Monday, June 11, 2012

. . . At the Old Ball Game

Our teammate, Sports Legends Museum, has a special treat for visitors this weekend.

Melding Camden Station's role in the Civil War with its current identity as the home of the premier area sports museum, Legends is presenting a talk by historian Richard D'Ambrisi on the role base ball played in the recreational activities of soldiers during the Civil War.

The discussion will take place at 2:00 pm on Saturday, June 16. Visitors to the museum can enjoy this as part of their experience.

Most of us think the national pastime became part of our cultural fiber in the beginning of the 20th century.  But organized base ball, with paid players, traveling teams, and leagues, goes back much further.

At the time the Civil War broke out, it was just a popular game played  in cow pastures and grassy fields in both north and south.  When the young men marched off to war, they took balls and bats with them.  Sometimes, they fabricated the equipment as they went along.  And yes, they had pick-up games between battles. 

(No, the Army of the Potomac did not challenge the Army of Northern Virginia, but that would have made a heck of a World Series.)
Vintage Base Ball, as it is called (it was two words until late in the 18th century) is still practiced today in the area. (That's Mr. D'Ambrisi in his Chesapeake & Potomac uniform at the top.)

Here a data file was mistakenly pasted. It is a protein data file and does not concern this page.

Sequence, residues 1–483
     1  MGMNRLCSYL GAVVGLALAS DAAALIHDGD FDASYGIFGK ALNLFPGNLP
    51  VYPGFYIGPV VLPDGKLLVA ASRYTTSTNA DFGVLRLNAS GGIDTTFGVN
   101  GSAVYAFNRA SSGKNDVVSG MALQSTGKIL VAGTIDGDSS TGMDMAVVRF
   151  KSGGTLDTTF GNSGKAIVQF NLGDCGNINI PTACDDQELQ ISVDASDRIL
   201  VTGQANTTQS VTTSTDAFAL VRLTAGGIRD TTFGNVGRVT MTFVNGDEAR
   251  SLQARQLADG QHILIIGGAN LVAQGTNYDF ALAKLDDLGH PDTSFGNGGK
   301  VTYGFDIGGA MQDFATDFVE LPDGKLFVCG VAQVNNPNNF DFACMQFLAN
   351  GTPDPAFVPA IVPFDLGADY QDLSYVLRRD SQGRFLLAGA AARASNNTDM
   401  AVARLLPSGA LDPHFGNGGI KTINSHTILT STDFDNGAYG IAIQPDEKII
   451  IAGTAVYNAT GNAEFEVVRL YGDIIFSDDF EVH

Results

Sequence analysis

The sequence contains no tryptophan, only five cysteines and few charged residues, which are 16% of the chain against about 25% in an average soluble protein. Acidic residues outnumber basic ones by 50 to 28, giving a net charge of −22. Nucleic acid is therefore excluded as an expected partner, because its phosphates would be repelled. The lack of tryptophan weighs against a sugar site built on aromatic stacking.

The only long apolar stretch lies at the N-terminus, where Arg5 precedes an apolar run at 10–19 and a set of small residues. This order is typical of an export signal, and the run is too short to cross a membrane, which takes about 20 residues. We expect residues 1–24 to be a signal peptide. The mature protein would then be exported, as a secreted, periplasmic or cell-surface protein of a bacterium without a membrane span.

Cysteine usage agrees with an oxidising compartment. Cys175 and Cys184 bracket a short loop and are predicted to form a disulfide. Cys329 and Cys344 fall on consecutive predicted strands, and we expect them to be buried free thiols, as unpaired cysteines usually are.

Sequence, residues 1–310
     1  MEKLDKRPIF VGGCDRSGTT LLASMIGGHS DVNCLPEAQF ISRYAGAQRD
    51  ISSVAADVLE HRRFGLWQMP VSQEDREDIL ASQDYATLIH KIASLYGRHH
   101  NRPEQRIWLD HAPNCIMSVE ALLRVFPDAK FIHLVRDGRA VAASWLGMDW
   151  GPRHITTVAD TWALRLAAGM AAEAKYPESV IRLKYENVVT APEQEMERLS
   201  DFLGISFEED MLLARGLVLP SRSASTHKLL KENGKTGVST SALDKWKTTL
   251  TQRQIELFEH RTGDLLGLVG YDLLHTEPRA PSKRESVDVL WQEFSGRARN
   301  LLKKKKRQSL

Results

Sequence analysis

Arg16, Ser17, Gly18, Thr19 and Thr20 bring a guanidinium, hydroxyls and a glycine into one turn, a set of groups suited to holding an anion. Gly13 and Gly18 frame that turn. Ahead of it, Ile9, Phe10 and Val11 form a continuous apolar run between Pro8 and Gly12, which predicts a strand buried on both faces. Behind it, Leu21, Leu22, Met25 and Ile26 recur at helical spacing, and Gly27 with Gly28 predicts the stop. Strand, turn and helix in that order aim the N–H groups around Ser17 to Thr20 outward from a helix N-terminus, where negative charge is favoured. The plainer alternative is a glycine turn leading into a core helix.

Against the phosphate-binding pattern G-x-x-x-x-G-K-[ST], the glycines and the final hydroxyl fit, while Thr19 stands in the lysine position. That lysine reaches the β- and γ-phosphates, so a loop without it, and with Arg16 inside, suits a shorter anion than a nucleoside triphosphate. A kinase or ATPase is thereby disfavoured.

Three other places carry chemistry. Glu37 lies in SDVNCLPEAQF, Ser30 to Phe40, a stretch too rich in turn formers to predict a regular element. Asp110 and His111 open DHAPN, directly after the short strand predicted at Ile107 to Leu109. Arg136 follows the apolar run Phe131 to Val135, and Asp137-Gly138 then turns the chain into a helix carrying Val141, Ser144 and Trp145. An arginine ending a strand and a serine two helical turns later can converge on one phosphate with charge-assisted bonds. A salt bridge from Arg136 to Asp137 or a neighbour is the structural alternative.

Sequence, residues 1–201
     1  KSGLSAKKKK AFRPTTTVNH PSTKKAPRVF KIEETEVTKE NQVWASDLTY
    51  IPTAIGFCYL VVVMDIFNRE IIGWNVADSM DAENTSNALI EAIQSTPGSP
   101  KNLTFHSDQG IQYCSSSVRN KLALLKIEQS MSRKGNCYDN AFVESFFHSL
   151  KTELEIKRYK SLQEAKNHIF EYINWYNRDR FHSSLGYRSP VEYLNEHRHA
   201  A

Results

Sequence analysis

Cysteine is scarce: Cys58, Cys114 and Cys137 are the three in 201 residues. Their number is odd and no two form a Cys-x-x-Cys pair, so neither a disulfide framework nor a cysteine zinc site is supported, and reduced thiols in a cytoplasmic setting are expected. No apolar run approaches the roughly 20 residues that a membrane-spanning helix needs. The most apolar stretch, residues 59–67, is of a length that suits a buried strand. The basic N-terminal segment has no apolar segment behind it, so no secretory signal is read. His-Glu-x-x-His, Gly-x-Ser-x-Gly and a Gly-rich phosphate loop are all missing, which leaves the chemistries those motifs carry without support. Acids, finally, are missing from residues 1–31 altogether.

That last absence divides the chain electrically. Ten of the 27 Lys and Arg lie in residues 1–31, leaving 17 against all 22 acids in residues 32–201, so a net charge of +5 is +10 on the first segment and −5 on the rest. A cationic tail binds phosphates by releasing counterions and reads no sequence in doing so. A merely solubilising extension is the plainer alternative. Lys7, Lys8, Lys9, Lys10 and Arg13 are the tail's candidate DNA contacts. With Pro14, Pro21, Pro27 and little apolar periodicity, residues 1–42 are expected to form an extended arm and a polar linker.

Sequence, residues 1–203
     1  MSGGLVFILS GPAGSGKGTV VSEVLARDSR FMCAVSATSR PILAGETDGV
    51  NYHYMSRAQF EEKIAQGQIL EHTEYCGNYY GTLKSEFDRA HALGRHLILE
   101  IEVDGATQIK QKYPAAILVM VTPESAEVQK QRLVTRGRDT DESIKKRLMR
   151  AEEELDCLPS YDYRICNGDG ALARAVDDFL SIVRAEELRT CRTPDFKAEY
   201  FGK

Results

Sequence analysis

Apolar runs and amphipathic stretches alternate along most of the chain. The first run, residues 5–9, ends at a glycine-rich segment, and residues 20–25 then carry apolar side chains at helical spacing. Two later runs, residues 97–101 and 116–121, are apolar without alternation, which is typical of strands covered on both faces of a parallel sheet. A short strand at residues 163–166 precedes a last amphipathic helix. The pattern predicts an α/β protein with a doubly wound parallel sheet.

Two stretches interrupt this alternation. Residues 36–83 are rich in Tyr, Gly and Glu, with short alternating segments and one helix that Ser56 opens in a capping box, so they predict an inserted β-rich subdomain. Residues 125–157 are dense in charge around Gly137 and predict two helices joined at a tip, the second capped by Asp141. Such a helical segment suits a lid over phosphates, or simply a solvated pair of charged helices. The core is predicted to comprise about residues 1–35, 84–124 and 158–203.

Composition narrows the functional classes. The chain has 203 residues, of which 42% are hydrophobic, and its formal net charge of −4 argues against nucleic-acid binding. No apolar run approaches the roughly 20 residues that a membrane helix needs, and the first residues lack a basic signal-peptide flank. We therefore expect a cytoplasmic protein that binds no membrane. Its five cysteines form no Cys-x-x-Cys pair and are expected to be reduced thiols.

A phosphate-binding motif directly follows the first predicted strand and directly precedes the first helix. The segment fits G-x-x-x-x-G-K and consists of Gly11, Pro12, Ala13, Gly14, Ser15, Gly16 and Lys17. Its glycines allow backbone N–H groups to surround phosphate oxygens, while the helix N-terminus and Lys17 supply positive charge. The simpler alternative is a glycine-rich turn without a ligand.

It's hard to talk about base ball's origins, or the Civil War for that matter, without bringing up Abner Doubleday.  He's a two-fer.  The man from Cooperstown credited with naming the game, designing the diamond, and laying down the rules was also a West Point graduate who served the Union with distinction as a general.

It seems the decision to declare General Doubleday the founder of base ball in 1839 was actually made by a committee in the early part of the 20th century.  The Mills Committee was appointed, by sporting goods entrepreneur Albert Spalding, to decide once and for all where the game truly originated.  The committee consisted of league executives, equipment suppliers, and politicians.  No historians need apply.

In any case, Cooperstown got the Hall of Fame out of the deal.

The history of the national pastime is interesting at any time, but when incorporated into the 150th anniversary of the Civil War, it can be seen in a new perspective as a common interest among those in the blue and those who wore gray.

 Mr. D'Ambrisi has spoken about baseball's colorful past several times at Sports Legends.  His talks are both entertaining and educational, with pictures and letters from an earlier era illustrating his stories.

Stop in and take a step back in time, when Camden Station was a vital transportation link for miliary and civilian transport, and baseball was a way for young soldiers to momentarily forget the horrors of war.

No comments:

Post a Comment